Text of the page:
Piotr Winkielman

Piotr Winkielman
University of California, San Diego | UCSD · Department of Psychology

PhD

About

150
Publications
92,287
Reads
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Citations
Introduction
I almost never check the inbox here. If you are requesting reprints, you can download most of my publications from here: http://winkielmanlab.ucsd.edu/publications/ See my lab page for more information about our research: http://winkielmanlab.ucsd.edu
Additional affiliations
July 2003 - present
University of California, San Diego
Position
  • Professor (Full)

Publications

Publications (150)
Article
It is well established that processing fluency impacts preference judgments and physiological reactions indicative of affect. Yet, little is known about how fluency influences motivation-related action. Here, we offer a novel demonstration that fluency facilitates action-tendencies related to approach. Four experiments investigated this action effe...
Article
Full-text available
The spontaneous mimicry of others' emotional facial expressions constitutes a rudimentary form of empathy and facilitates social understanding. Here, we show that human participants spontaneously match facial expressions of an android physically present in the room with them. This mimicry occurs even though these participants find the android unset...
Article
Social information processing often involves categorization. When such categorization is difficult, the disfluency may elicit negative affect that could generalize to a variety of stimulus judgments. In the current studies we experimentally apply this theoretical analysis to two classic and highly socially relevant facial attractiveness phenomena:...
Article
Major theories propose that spontaneous responding to others' actions involves mirroring, or direct matching. Responding to facial expressions is assumed to follow this matching principle: People smile to smiles and frown to frowns. We demonstrate here that social power fundamentally changes spontaneous facial mimicry of emotional expressions, ther...
Conference Paper
Full-text available
Loneliness has been associated with negative outcomes for physical and mental health. Understanding how people express and cope with various forms of loneliness is critical for early screening and targeted interventions to reduce loneliness , particularly among vulnerable groups such as young adults. To examine how different forms of loneliness and...
Preprint
Full-text available
Blocking facial mimicry can disrupt recognition of emotion stimuli. Many previous studies have focused on facial expressions, and it remains unclear whether this generalizes to other types of emotional expressions. Furthermore, by emphasizing categorical recognition judgments, previous studies neglected the role of mimicry in other processing stage...
Article
Full-text available
Objectives: This study analyzed Polish dentists' knowledge of the SARS-CoV-2 virus and the main problems in their work during the early phase of the pandemic. Methods: Dentists responded to an online anonymous survey consisting of 57 questions relating to socio-demographics, knowledge about COVID-19, and office procedures. The obtained data were...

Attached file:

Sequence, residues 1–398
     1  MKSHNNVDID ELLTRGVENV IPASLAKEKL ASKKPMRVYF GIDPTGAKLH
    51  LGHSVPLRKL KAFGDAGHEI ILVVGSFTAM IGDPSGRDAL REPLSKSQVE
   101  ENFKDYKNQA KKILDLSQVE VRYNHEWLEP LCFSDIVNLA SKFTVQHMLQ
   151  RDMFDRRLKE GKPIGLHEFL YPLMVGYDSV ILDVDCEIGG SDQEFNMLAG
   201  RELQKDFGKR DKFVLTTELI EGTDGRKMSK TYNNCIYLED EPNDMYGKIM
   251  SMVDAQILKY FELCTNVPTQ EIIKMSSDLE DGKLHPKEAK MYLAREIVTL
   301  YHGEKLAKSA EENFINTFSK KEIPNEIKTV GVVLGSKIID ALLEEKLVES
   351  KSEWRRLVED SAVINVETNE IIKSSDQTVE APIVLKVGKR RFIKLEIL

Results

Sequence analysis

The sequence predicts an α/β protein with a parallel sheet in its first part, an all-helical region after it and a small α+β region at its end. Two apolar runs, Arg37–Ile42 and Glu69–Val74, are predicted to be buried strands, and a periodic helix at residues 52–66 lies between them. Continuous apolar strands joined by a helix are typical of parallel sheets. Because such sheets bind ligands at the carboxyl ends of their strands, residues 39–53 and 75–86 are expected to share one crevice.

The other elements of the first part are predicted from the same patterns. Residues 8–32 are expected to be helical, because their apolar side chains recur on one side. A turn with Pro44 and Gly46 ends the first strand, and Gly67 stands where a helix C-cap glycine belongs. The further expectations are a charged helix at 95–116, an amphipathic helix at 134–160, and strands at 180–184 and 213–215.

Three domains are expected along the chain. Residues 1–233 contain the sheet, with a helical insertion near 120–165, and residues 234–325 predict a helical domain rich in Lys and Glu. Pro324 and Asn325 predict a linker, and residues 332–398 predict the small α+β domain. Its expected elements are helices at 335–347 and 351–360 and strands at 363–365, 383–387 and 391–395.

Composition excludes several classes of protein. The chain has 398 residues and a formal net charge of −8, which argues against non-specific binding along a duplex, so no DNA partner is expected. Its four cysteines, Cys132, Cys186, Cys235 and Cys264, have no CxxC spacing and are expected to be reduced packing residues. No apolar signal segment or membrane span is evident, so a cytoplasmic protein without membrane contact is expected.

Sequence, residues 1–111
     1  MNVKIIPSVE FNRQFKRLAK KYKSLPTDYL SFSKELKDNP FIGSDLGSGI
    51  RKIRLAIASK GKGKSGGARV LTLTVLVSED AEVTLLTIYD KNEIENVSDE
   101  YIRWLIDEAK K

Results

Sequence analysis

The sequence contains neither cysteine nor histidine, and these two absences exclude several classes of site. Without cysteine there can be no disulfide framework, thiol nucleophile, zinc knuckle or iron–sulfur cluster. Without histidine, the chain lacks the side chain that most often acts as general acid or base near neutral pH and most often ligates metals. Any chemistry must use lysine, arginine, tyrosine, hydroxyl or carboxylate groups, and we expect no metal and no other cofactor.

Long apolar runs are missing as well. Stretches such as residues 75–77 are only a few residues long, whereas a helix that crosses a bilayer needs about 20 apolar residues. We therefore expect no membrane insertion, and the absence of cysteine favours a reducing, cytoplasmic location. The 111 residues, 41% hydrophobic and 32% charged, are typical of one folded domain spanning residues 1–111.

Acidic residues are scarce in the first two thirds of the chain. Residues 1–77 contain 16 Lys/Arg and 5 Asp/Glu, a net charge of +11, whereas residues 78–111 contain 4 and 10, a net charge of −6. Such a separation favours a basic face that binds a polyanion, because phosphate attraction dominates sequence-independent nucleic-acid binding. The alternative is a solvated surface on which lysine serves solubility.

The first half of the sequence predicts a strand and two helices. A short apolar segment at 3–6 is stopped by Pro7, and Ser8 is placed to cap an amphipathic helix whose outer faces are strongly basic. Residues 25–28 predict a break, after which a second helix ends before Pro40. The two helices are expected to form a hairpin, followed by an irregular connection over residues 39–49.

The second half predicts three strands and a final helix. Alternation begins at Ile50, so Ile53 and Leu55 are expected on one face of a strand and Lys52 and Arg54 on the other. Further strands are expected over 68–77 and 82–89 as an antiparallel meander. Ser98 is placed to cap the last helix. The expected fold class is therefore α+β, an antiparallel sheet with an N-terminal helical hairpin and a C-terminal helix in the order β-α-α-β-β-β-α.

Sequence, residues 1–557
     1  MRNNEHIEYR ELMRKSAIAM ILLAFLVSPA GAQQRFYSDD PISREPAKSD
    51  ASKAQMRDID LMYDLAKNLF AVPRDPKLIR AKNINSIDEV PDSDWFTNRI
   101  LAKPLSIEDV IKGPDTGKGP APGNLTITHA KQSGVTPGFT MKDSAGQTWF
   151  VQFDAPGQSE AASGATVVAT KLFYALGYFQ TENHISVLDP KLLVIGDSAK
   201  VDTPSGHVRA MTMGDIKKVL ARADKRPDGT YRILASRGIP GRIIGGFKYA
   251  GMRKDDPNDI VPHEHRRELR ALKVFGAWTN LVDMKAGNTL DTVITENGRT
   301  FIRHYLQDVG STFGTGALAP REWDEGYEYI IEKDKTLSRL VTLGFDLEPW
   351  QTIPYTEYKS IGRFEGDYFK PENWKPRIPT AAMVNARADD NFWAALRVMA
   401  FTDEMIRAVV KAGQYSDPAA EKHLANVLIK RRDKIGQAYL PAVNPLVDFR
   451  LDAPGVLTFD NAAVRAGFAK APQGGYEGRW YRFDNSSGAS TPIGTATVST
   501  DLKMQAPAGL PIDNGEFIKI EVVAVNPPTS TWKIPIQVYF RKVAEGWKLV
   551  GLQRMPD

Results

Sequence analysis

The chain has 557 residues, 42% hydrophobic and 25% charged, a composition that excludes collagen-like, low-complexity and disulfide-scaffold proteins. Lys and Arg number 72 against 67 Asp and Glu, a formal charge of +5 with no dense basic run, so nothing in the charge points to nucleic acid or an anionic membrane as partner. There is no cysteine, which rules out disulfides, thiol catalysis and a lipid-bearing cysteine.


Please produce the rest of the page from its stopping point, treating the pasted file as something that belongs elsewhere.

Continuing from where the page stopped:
Preprint
Full-text available
The present study investigated facial responses to emotional sounds that represent social (e.g., laughter, screams) and non-social domains (e.g., instrumental music). Such cross-channel responses allow for examination of mechanisms involved in spontaneous mimicry. In order to address the role of visual experience in facial response to sounds, we co...
Article
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Loneliness—perceived social isolation—is defined as a discrepancy between existing social relationships and desired quality of relationships. Whereas most research has focused on existing relationships, we consider the standards against which people compare them. Participants who made downward social or temporal comparisons that depicted their cont...
Article
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This review explores spontaneous mimicry in the context of three questions. The first question concerns the role of spontaneous mimicry in processing conceptual information. The second question concerns the debate whether spontaneous mimicry is driven by simple associative processes or reflects higher-order processes such as goals, intentions, and...
Article
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Numerous studies show that bodily states shape affect and cognition. Here, we investigated whether incidental physiological arousal impacted perceived familiarity for novel images depicting real-world scenes. Participants provided familiarity ratings for a series of high- and low-arousal emotional images, once after a cycling session (to increase h...
Article
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Gaze direction is an important stimulus that signals key details about social (dis)engagement and objects in our physical environment. Here, we explore how gaze direction influences the perceiver's processing of bodily information. Specifically, we examined how averted versus direct gaze modifies the operation of effector-centered representations (...
Article
Humans readily form social impressions, such as attractiveness and trustworthiness, from a stranger’s facial features. Understanding the provenance of these impressions has clear scientific importance and societal implications. Motivated by the efficient coding hypothesis of brain representation, as well as Claude Shannon’s theoretical result that...
Article